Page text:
The Pentagon will seek a 35 percent increase in funding for the fight against Islamic State in its next budget, bringing the request for U.S. military efforts against the terrorist group to $7.5 billion, according to a defense official.

The $583 billion in defense spending that President Barack Obama will propose for fiscal 2017 also will include $3.4 billion for European-based security initiatives in response to Russian President Vladimir Putin’s aggressive moves in Ukraine, up from about $789 million this year, according to the official, who spoke on condition of anonymity before the president sends his budget to Congress on Feb. 9.

Defense Secretary Ash Carter will outline his priorities for the defense budget, the only one he will get an opportunity to shape before Obama leaves office, in a speech Tuesday to the Economic Club of Washington. Working within the constraints of the two-year budget deal reached by Obama and Congress, the proposal will call for $524 billion for the base defense budget and $58.8 billion in war-fighting funds that will include the effort against Islamic State and the European initiative.

Carter will set out what one official called a focus on evolving threats, including great-power competition from Russia and a rising China, regional threats from North Korea and Iran and the fight against terrorism, the official said. The defense chief will emphasize investments in advanced technology, including cyberspace and electronic warfare.

Underseas Systems

Carter also plans to say Tuesday that the Navy’s budget will place increased emphasis on underseas systems, the official said. Last month, Carter ordered the Navy to buy fewer surface ships so it can spend more on advanced technology, such as improved munitions, F-35 jets and upgraded systems for electronic warfare.

While administration officials have said the U.S.-led coalition conducting airstrikes against Islamic State has reduced the territory held by the jihadists, they also have acknowledged difficult struggles ahead in helping local forces recapture the group’s strongholds, Raqaa in Syria and Mosul in Iraq. The administration also is deciding how aggressively to attack Islamic State contingents that are multiplying in Libya and Afghanistan.

The U.S. campaign of airstrikes, trainers and advisers cost the Pentagon $5.8 billion through Dec. 31, or an average of $11.4 million a day. Small contingents of special-operations forces have now been sent into Iraq and Syria with the ability to conduct raids. The proposed funding increase for the Islamic State fight was reported earlier Monday by Reuters.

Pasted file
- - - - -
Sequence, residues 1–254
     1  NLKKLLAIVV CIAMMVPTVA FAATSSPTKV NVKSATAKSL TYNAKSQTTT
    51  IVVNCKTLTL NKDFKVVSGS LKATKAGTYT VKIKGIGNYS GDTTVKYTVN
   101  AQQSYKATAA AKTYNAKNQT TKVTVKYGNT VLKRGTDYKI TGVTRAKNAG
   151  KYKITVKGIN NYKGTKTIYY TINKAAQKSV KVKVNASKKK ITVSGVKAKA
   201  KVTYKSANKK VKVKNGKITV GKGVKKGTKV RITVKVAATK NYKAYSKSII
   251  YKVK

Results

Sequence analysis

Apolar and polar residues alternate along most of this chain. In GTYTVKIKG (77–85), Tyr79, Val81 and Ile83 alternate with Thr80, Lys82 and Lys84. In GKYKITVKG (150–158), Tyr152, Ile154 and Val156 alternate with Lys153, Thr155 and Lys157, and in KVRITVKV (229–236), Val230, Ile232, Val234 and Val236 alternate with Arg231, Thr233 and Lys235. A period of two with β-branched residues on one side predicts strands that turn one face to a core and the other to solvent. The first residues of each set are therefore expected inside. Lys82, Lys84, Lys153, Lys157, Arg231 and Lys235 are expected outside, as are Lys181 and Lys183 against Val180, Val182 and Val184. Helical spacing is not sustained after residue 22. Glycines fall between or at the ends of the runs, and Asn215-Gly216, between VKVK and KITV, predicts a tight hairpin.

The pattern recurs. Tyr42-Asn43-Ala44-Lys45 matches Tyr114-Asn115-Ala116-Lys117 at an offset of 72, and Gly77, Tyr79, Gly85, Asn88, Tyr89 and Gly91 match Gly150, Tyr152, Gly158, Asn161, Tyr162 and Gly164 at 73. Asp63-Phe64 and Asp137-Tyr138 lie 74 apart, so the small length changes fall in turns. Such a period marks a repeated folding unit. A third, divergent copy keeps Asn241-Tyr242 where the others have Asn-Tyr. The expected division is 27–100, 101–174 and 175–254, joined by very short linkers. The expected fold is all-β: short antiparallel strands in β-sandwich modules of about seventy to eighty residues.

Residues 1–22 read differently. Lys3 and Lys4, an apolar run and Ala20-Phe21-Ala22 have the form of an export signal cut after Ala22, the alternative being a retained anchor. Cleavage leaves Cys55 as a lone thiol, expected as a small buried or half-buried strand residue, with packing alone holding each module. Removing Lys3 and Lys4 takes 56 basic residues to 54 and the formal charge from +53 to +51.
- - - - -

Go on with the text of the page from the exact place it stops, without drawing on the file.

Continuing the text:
About $1.5 billion in the war-fighting budget request for fiscal 2017, which begins Oct. 1, would restock munitions dropped during the campaign against Islamic State; 35,000 munitions have been expended since operations began in August 2014.

‘Russia’s Provocations’

While the European initiative is aimed at bolstering NATO capacity in Eastern Europe, Carter spoke in November about how Russian aggression is shaping the U.S. defense budget more broadly.

“We’re investing in the technologies that are most relevant to Russia’s provocations, such as new unmanned systems, a new long-range bomber, and innovation in technologies like the electromagnetic railgun, lasers, and new systems for electronic warfare, space and cyberspace,” he said.

The investments also include “a few surprising ones that I really can’t describe here. We’re updating and advancing our operational plans for deterrence and defense given Russia’s changed behavior,” Carter said.

The added European funding would provide for expanded prepositioning of war stocks in the Baltics and the rotation of Army units for exercises, to include an armored brigade, a second official previously told Bloomberg News.

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